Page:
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Dr Frédéric Kaplan

2007

Intrinsic Motivation Systems for Autonomous Mental Development

Topics:
Language
Authors
Pierre-Yves Oudeyer , Frédéric Kaplan , Verena Hafner |

IEEE Transactions on Evolutionary Computation, 11, 2, 2007. pp.265--286.

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Abstract

Exploratory activities seem to be intrinsically rewarding for children and crucial for their cognitive development. Can a machine be endowed with such an intrinsic motivation system? This is the question we study in this paper, presenting a number of computational systems that try to capture this drive towards novel or curious situations. After discussing related research coming from developmental psychology, neuroscience, developmental robotics, and active learning, this paper presents the mechanism of Intelligent Adaptive Curiosity, an intrinsic motivation system which pushes a robot towards situations in which it maximizes its learning progress. This drive makes the robot focus on situations which are neither too predictable nor too unpredictable, thus permitting autonomous mental development. The complexity of the robot's activities autonomously increases and complex developmental sequences self-organize without being constructed in a supervised manner. Two experiments are presented illustrating the stage-like organization emerging with this mechanism. In one of them, a physical robot is placed on a baby play mat with objects that it can learn to manipulate. Experimental results show that the robot first spends time in situations which are easy to learn, then shifts its attention progressively to situations of increasing difficulty, avoiding situations in which nothing can be learned. Finally, these various results are discussed in relation to more complex forms of behavioral organization and data coming from developmental psychology Keywords: active learning, autonomy, behavior, complexity, curiosity, sensorimotor development, cognitive development, developmental trajectory, epigenetic robotics, intrinsic motivation, learning, reinforcement learning, values.
2007

Language Evolution as a Darwinian Process: Computational Studies

Topics:
Language
Authors
Pierre-Yves Oudeyer , Frédéric Kaplan |

Cognitive Processing, 8, 1, 2007. pp.21--35.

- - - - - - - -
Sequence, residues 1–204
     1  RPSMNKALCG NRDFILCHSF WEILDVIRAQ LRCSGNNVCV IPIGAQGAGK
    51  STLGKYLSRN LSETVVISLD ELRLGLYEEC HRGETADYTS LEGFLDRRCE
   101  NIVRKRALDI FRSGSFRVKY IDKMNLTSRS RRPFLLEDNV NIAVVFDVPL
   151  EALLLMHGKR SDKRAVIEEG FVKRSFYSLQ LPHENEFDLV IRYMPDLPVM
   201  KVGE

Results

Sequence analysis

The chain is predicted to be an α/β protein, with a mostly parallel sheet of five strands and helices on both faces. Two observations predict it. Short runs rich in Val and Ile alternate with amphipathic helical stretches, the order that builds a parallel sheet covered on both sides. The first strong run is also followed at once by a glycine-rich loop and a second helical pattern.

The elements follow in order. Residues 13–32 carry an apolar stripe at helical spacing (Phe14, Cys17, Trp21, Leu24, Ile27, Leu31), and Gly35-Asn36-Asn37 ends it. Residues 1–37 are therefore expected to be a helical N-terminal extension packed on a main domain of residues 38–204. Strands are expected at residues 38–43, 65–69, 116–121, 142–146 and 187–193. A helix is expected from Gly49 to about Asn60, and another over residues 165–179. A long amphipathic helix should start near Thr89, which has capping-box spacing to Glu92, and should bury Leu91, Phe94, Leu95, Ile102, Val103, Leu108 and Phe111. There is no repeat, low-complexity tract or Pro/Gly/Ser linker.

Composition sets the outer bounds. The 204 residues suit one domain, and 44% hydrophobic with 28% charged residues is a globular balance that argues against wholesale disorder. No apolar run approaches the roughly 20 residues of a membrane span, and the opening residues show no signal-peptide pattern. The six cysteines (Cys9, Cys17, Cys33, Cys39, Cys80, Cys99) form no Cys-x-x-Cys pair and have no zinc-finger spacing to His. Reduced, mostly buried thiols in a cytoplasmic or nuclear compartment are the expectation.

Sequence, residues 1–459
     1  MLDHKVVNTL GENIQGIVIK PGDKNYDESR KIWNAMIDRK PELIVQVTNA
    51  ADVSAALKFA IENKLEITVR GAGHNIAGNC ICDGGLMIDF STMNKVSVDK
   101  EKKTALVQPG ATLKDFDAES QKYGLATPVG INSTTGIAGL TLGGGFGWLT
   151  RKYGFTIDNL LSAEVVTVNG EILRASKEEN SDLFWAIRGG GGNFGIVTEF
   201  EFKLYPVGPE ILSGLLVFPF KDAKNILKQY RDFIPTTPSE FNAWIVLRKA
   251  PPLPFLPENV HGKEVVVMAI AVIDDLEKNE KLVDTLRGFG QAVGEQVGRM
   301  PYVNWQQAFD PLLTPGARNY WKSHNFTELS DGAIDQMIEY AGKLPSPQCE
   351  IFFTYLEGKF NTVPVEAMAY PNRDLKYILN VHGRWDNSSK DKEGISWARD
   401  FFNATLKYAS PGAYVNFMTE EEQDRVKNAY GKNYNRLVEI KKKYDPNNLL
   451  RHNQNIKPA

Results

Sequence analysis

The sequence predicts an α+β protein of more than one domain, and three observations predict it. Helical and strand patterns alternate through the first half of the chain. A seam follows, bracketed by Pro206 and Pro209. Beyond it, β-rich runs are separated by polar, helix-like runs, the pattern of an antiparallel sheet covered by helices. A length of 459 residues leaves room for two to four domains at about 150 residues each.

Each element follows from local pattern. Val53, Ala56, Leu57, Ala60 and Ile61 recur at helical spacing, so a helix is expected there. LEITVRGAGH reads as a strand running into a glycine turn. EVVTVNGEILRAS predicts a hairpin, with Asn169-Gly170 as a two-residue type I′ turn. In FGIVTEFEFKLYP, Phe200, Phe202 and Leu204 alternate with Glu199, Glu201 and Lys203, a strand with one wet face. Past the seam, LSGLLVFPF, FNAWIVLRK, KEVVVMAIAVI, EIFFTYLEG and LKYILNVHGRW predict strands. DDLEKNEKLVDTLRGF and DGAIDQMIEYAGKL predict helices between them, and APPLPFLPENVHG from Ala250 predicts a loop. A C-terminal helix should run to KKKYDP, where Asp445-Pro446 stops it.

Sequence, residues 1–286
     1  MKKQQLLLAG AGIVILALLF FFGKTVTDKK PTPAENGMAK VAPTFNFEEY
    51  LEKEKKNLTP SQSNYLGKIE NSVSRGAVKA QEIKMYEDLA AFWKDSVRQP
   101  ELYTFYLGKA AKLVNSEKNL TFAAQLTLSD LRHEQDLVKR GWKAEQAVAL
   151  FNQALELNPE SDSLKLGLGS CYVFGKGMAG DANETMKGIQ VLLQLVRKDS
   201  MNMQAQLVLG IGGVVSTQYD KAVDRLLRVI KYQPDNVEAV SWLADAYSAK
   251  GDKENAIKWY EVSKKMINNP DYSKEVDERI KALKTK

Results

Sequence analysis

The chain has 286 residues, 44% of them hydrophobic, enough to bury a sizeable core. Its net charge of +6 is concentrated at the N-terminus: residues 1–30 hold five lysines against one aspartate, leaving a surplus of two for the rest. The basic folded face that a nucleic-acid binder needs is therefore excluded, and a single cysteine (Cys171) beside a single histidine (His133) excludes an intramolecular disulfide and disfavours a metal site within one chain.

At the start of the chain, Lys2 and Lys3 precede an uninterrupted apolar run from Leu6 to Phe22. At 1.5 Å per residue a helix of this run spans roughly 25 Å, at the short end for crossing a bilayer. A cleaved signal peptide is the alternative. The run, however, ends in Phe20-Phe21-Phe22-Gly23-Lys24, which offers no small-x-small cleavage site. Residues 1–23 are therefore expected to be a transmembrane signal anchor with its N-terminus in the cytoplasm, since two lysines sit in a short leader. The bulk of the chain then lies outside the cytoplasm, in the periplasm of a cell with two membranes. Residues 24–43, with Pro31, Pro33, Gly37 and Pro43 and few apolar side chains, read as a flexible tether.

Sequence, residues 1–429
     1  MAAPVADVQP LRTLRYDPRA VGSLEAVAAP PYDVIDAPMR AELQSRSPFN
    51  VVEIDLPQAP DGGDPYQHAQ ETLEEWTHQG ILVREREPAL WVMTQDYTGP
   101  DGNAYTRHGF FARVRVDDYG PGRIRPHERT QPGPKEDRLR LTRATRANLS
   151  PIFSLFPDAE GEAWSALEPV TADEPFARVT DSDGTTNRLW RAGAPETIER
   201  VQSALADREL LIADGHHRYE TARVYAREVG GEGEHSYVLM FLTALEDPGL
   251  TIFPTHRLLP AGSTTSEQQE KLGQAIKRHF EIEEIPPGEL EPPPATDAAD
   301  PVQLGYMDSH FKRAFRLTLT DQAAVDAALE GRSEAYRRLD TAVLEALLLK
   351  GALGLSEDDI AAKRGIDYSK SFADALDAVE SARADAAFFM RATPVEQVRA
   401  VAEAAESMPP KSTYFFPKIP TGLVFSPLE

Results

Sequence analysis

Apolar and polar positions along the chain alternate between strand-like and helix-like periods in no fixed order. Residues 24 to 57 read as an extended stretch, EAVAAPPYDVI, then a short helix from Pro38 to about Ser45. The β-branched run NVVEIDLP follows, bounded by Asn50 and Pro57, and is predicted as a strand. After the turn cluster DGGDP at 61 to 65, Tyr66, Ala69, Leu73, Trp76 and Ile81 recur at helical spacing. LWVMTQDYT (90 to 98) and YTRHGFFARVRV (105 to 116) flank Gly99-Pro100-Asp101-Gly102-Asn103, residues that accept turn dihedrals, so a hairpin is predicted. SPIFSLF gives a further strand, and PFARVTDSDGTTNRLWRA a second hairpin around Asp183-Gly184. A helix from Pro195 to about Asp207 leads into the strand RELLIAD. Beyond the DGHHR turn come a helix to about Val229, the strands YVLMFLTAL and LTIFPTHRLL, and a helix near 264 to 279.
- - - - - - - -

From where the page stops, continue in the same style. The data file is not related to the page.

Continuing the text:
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Abstract

This paper presents computational experiments that illustrate how one can precisely conceptualize language evolution as a Darwinian process. We show that there is potentially a wide diversity of replicating units and replication mechanisms involved in language evolution. Computational experiments allow us to study systemic properties coming out of populations of linguistic replicators: linguistic replicators can adapt to specific external environments; they evolve under the pressure of the cognitive constraints of their hosts, as well as under the functional pressure of communication for which they are used; one can observe neutral drift; coalitions of replicators may appear, forming higher level groups which can themselves become subject to competition and selection.
2006

The progress-drive hypothesis: an interpretation of early imitation

Topics:
Language
Authors
Frédéric Kaplan , Pierre-Yves Oudeyer |

Models and mechanisms of imitation and social learning: Behavioural, social and communication dimensions, edited by:Dautenhahn, K. and Nehaniv, C., Cambridge University Press, 2006.

2006

Discovering Communication

Topics:
Language
Authors
Pierre-Yves Oudeyer , Frédéric Kaplan |

Connection Science, 18, 2, 2006. pp.189--206.

2002

Bootstrapping grounded word semantics

Topics:
Language
Authors
Luc Steels , Frédéric Kaplan |

Linguistic evolution through language acquisition: formal and computational models, edited by:Briscoe, T., Cambridge University Press, Cambridge, UK, 2002. pp.53--74.

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Abstract